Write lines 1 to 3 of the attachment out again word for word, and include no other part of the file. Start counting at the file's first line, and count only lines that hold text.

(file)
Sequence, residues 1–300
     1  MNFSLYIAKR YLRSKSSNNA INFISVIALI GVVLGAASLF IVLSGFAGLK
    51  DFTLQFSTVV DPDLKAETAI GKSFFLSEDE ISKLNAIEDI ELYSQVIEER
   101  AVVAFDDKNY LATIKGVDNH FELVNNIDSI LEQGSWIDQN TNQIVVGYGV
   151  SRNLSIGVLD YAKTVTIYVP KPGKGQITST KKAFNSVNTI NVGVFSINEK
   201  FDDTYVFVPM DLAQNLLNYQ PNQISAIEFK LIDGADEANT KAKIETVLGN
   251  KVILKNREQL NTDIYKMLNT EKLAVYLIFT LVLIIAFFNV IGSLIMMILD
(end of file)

Sequence, residues 1–300
     1  MNFSLYIAKR YLRSKSSNNA INFISVIALI GVVLGAASLF IVLSGFAGLK
    51  DFTLQFSTVV DPDLKAETAI GKSFFLSEDE ISKLNAIEDI ELYSQVIEER